Beacon Lesson Plan Library

U.S. Enters WW II

Chet Geering

Description

Students process a variety of information on how the U.S. became involved in World War II. They are then asked to answer a series of short-answer questions on the topics discussed in class.

Objectives

The student knows the origins and effects of the involvement of the United States in World War II.

Materials

-[World History The Human Experience]. New York: Glencoe McGraw-Hill, 2001. (Or comparable text)
-Teacher Notes (See Associated File)
-Student copies of Questions On U.S. Involvement (See Associated File)
-Dry erase board and dry erase markers

Preparations

1. Read text Chapter 20 (or appropriate chapter).
2. Look over Teacher Notes (See Associated File) to be sure you are familiar with the material.
3. Make one copy of the Questions On U.S. Involvement (See Associated File) for each student.

Procedures

1. Ask students, “What is an underlying cause?”

2. Put the definition on the board.

3. Explain to the students that World War II was fought in two theaters. The Pacific and the Atlantic.

4. Ask students, “Can you name one underlying cause for U.S. involvement in the Pacific Theater during World War II?” (One possible answer: “American racism towards Japan.”)

5. Ask students, “What is racism?”

6. Put their answers on the board.

7. Ask students, “How can racism push two nations towards war?”

8. Discuss the responses with students.

9. Discuss the Gentleman’s Agreement in the 1920’s with the students.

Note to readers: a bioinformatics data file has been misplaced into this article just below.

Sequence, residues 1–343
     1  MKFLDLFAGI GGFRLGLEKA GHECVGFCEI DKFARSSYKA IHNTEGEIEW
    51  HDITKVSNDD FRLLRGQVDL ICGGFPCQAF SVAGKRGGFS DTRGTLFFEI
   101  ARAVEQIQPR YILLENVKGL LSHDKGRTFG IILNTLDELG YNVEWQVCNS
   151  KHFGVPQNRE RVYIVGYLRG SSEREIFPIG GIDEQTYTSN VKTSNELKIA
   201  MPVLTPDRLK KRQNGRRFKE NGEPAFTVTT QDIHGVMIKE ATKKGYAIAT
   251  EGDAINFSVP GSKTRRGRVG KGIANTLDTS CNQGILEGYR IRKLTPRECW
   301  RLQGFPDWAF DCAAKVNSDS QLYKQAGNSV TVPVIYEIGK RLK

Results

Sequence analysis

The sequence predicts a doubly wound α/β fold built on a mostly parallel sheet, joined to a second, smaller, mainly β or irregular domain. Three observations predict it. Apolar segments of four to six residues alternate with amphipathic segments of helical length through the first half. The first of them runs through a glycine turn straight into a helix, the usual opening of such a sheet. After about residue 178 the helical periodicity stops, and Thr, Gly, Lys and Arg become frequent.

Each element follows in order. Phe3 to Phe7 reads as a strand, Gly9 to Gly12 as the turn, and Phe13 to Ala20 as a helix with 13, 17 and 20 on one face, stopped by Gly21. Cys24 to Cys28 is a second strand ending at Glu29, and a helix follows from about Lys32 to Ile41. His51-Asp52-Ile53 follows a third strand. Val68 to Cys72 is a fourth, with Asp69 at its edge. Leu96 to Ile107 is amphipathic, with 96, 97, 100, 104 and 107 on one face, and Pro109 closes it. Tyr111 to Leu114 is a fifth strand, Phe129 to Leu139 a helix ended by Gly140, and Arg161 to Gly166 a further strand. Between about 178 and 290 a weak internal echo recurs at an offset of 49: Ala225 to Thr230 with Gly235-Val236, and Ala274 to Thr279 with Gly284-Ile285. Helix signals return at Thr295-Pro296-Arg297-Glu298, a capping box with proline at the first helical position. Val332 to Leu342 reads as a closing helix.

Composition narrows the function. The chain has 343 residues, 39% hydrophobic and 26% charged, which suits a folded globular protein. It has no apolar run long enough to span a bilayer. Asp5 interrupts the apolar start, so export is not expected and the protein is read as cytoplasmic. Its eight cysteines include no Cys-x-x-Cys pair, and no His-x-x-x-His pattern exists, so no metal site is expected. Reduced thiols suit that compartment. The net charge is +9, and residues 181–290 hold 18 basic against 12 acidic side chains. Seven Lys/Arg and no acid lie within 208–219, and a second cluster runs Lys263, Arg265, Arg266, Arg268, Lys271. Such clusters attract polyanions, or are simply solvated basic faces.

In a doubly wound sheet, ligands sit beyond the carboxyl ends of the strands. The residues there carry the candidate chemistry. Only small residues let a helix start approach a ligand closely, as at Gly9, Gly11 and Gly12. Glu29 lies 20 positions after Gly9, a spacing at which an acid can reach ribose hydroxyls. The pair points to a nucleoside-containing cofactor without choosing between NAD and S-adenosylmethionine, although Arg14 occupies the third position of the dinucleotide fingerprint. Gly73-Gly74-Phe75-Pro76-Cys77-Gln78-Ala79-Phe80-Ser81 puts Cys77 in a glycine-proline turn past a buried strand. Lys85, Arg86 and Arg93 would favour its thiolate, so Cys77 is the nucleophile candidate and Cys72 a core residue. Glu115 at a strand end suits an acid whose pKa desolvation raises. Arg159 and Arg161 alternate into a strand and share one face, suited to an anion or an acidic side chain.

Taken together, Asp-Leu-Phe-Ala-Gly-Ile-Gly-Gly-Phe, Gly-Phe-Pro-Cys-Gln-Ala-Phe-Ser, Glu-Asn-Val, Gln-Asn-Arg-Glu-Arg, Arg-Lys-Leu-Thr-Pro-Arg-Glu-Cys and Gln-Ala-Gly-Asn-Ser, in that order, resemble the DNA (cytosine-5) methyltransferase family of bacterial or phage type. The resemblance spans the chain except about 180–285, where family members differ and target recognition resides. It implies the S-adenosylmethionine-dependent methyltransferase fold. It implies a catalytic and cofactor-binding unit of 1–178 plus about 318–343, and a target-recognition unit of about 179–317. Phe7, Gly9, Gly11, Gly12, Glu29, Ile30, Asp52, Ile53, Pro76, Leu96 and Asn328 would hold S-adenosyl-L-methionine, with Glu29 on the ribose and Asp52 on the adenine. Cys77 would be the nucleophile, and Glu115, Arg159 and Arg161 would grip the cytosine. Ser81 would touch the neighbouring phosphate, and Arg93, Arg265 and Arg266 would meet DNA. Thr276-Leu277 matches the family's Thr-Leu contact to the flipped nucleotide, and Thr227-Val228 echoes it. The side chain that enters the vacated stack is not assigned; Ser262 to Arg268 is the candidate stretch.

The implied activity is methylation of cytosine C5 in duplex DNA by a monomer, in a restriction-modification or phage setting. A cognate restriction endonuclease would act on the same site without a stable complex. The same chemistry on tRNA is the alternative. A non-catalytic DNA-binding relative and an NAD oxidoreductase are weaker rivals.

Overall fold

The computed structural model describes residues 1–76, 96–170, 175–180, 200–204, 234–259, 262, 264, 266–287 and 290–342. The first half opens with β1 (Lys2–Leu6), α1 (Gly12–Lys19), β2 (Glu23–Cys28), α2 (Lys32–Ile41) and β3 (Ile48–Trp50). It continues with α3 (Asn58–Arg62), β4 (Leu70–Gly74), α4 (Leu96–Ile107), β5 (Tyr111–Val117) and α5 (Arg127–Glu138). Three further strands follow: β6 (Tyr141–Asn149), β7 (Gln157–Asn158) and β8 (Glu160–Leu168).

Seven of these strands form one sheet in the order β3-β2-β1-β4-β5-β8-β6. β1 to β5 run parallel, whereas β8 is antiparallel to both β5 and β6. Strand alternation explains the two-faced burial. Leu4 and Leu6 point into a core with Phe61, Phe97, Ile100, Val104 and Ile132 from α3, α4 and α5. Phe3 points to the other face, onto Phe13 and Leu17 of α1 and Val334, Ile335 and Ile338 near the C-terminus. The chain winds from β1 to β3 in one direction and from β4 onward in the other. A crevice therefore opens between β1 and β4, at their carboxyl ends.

10. Ask students, “Can you name another underlying cause for U.S. involvement in the Pacific Theater during World War II?” (Possible answer: “Japanese Militarism.”)

11. Ask students, “What is militarism?”

12. Put their answers on the board.

13. Discuss the responses with students.

14. Discuss how militarism would play a part in starting a war.

15. Ask students, “Can you name another underlying cause for U.S. involvement in the Pacific Theater during World War II?” (Another possible answer: “Japanese Militarism.”)

16. Ask students, “What is Economic Imperialism?”

17. Put their answers on the board.

18. Discuss the answers with students.

19. Ask students, “What was the Greater East Asia Co-Prosperity Sphere?”

20. Discuss the answers with students.

21. Ask students, “How did this Sphere contribute to World War II?”

22. List the answers on the board.

23. Ask students, “What is the last underlying cause for U.S. involvement in the Pacific Theater in World War II?” (The last response should be “U.S. cuts off trade with Japan because of Japan’s war with China.”)

24. Ask students, “What vital exports did the U.S. stop selling to Japan?”

25. Put the answers on the board.

27. Ask students, “How would Japan get the raw materials it needed to feed its economy?” Discuss with students. Put answers on the board.

28. Review the underlying causes for U.S. involvement in the Pacific Theater during World War II with the class.

29. Ask students, “What is an immediate cause?”

30. Put the definition on the board.

31. Ask students, “What was the immediate cause that forced U.S. involvement in the Pacific Theater during World War II?

32. Put their answers on the board.

33. Discuss the immediate cause with the students.

34. Ask students, “Was the Japanese attack justified? Why or why not?” Discuss the answers with the students.

35. Pass out the short-answer questions to the students. (See Associated File)

36. Evaluate short-answer responses.

Assessments

1. Students are assessed by answering a series of short-answer questions on the topics covered in class.
2. The teacher can also informally evaluate the students by monitoring and encouraging their participation in class discussion.
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